Wheat & Gluten Sensitivity
Grains are without doubt the most commonly consumed foods in the world – with wheat, maize and rice dominating worldwide consumption. Wheat is a firm favourite in the British diet, present in cereals at breakfast, sandwiches at lunch, pasta and many more foods.
Wheat and Gluten – In the UK, wheat is traditionally known to provide a good variety of vitamins and minerals, fibre and complex carbohydrates for lasting energy. Unfortunately, traditional wheat which our ancestors knew and loved, would bear little resemblance to the wheat that fills the supermarket shelves today. Genetically selected to be hardy with a high gluten content, wheat is now hard to digest and can irritate the intestinal tract causing digestive problems for many people.
Gluten is the protein component in certain grains. It is the part of the grain most commonly responsible for sensitivity reactions. Gluten containing grains are:
- Oats (unless labelled gluten-free)
Defining the Problem
- Coeliac Disease or gluten allergy is a condition where gluten damages the delicate lining of the small intestine leading to malabsorption of nutrients. Coeliacs have to strictly avoid all gluten.
- Gluten Intolerance – Gluten can also present problems in individuals who are not coeliac. As we have already seen, gluten is hard to digest and can cause irritation in the digestive tract.
- Wheat Intolerance – wheat is rarely the cause of a true food allergy, but a frequent offender in food intolerance. Sometimes it is simply the fact that wheat is consumed so frequently and in such large volumes that causes the problem. Symptoms of wheat intolerance vary and often do not occur immediately after eating wheat-based foods. For this reason, people rarely connect their symptoms with food intolerance. If you eat wheat regularly and suffer from digestive complaints such as bloating or irritable bowel syndrome, depression or hyperactivity, fatigue or headaches – it may be that you have developed an intolerance.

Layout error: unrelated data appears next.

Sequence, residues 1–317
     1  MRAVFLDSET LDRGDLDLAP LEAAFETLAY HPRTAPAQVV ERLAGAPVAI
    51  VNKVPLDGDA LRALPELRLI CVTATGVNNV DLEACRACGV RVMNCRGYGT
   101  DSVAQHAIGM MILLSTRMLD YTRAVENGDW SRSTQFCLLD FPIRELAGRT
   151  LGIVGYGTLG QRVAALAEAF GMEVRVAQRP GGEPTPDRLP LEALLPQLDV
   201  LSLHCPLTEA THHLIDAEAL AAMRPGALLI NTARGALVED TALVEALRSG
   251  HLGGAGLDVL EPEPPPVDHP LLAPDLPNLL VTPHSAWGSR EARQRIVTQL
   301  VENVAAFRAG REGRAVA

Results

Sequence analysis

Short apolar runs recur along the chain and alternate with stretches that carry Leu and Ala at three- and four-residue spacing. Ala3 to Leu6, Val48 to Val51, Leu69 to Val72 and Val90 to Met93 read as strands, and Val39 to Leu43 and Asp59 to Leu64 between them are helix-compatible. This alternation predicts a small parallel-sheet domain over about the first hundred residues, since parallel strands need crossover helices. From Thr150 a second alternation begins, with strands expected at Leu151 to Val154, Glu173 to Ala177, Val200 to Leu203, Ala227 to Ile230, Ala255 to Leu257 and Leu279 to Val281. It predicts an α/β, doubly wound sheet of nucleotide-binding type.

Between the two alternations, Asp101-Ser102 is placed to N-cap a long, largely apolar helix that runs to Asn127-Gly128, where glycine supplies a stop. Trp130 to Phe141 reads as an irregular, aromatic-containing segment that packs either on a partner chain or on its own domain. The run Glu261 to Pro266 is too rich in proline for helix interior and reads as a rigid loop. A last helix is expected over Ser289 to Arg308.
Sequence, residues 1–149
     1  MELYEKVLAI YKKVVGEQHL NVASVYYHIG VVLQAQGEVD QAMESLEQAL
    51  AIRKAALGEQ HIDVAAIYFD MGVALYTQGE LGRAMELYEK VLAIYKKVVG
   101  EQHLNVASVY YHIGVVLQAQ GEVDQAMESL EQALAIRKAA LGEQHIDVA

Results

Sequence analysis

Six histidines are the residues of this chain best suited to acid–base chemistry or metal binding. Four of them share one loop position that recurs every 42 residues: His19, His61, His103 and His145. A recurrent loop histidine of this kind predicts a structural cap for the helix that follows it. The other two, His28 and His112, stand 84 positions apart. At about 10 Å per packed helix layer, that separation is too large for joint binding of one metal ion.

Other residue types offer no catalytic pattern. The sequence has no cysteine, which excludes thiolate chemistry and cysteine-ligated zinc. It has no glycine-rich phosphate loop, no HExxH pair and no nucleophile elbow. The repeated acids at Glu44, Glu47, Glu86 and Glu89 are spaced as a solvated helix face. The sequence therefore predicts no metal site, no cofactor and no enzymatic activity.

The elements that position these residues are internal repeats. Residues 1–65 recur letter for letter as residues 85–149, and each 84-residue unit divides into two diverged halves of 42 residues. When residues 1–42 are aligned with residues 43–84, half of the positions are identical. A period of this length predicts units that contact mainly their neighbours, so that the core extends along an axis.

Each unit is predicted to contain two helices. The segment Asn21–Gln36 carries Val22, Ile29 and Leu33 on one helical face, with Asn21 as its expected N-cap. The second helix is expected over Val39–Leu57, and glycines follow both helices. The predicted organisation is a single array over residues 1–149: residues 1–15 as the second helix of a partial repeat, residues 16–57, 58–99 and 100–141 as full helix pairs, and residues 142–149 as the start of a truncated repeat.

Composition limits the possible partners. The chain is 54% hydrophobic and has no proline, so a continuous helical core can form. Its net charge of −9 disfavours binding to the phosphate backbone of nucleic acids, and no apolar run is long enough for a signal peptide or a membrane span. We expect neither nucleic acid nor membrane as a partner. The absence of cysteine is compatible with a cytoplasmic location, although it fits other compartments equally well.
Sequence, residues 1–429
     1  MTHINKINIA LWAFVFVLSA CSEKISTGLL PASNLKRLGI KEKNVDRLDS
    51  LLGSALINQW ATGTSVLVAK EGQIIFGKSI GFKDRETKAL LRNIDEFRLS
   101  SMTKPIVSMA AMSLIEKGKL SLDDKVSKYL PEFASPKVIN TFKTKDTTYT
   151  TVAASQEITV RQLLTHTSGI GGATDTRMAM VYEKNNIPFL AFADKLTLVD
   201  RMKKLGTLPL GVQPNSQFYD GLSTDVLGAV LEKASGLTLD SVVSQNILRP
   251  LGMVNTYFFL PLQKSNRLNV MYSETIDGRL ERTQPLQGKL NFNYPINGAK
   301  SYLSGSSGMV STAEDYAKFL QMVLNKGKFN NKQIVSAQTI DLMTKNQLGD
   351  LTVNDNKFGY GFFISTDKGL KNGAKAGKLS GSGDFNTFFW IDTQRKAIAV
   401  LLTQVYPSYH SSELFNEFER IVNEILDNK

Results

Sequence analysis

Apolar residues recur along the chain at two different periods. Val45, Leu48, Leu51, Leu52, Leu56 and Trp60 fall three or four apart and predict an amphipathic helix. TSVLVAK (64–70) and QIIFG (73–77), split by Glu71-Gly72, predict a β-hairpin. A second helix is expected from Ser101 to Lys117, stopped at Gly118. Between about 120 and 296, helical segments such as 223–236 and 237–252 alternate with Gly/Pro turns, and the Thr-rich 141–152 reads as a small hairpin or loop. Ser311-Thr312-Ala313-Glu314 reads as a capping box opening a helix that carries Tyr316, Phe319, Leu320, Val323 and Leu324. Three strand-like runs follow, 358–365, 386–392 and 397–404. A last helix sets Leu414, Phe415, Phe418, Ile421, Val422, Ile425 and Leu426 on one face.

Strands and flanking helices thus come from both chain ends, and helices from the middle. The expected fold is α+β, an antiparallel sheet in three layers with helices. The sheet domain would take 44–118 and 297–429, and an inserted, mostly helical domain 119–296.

A growing proportion of the population are now thought to suffer from ‘gut permeability’, where the lining of the digestive tract has been damaged and become more permeable. This situation often develops when the same food is eaten on a daily basis. Toast or wheat based cereal for breakfast, a sandwich for lunch and pasta for dinner – it’s easy to see how we can slip into the trap of eating wheat for three meals a day, and that’s not including the biscuits and snack bars in-between!
When ‘leaky gut’ has developed, gluten is not recommended because of the further irritation it can cause. In addition, because gluten is hard to digest it is more likely to pass through a ‘leaky gut’ into the bloodstream. The body will tag this gluten-invader as foreign and mount an immune response.